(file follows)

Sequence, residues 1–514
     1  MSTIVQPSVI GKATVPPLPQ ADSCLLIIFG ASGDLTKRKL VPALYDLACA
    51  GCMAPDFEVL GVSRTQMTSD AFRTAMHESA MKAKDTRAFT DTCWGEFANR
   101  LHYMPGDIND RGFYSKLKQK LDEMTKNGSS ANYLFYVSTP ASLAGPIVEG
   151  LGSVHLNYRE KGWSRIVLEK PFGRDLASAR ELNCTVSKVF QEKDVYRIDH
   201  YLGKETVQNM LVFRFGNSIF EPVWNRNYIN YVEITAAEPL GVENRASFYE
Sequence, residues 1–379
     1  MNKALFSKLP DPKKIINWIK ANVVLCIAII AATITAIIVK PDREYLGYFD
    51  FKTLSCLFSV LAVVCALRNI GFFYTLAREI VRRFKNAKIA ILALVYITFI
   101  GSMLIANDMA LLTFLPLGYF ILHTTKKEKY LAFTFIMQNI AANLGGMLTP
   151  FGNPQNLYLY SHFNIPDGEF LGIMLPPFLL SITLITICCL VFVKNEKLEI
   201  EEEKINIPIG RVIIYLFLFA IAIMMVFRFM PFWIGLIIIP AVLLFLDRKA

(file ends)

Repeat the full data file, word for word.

Sequence, residues 1–514
     1  MSTIVQPSVI GKATVPPLPQ ADSCLLIIFG ASGDLTKRKL VPALYDLACA
    51  GCMAPDFEVL GVSRTQMTSD AFRTAMHESA MKAKDTRAFT DTCWGEFANR
   101  LHYMPGDIND RGFYSKLKQK LDEMTKNGSS ANYLFYVSTP ASLAGPIVEG
   151  LGSVHLNYRE KGWSRIVLEK PFGRDLASAR ELNCTVSKVF QEKDVYRIDH
   201  YLGKETVQNM LVFRFGNSIF EPVWNRNYIN YVEITAAEPL GVENRASFYE
Sequence, residues 1–379
     1  MNKALFSKLP DPKKIINWIK ANVVLCIAII AATITAIIVK PDREYLGYFD
    51  FKTLSCLFSV LAVVCALRNI GFFYTLAREI VRRFKNAKIA ILALVYITFI
   101  GSMLIANDMA LLTFLPLGYF ILHTTKKEKY LAFTFIMQNI AANLGGMLTP
   151  FGNPQNLYLY SHFNIPDGEF LGIMLPPFLL SITLITICCL VFVKNEKLEI
   201  EEEKINIPIG RVIIYLFLFA IAIMMVFRFM PFWIGLIIIP AVLLFLDRKA